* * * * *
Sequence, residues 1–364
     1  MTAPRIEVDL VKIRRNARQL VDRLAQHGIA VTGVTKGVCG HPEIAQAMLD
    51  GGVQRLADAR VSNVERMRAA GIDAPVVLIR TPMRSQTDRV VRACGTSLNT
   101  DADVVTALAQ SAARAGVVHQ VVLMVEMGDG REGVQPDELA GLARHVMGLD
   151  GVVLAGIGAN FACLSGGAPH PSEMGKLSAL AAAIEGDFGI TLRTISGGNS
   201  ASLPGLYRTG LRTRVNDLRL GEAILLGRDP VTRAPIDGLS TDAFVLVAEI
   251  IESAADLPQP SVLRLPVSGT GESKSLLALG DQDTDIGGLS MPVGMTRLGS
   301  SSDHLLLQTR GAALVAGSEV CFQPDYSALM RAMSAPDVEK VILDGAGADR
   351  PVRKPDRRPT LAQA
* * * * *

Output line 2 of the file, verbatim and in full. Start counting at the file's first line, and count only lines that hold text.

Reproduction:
     1  MTAPRIEVDL VKIRRNARQL VDRLAQHGIA VTGVTKGVCG HPEIAQAMLD